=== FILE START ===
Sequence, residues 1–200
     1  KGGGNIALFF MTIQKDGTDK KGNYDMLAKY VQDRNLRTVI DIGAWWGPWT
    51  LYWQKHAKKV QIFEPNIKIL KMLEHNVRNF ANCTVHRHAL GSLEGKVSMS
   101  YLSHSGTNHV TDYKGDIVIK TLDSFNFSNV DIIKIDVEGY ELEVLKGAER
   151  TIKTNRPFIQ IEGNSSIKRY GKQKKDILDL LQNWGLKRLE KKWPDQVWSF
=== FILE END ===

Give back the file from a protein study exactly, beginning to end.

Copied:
Sequence, residues 1–200
     1  KGGGNIALFF MTIQKDGTDK KGNYDMLAKY VQDRNLRTVI DIGAWWGPWT
    51  LYWQKHAKKV QIFEPNIKIL KMLEHNVRNF ANCTVHRHAL GSLEGKVSMS
   101  YLSHSGTNHV TDYKGDIVIK TLDSFNFSNV DIIKIDVEGY ELEVLKGAER
   151  TIKTNRPFIQ IEGNSSIKRY GKQKKDILDL LQNWGLKRLE KKWPDQVWSF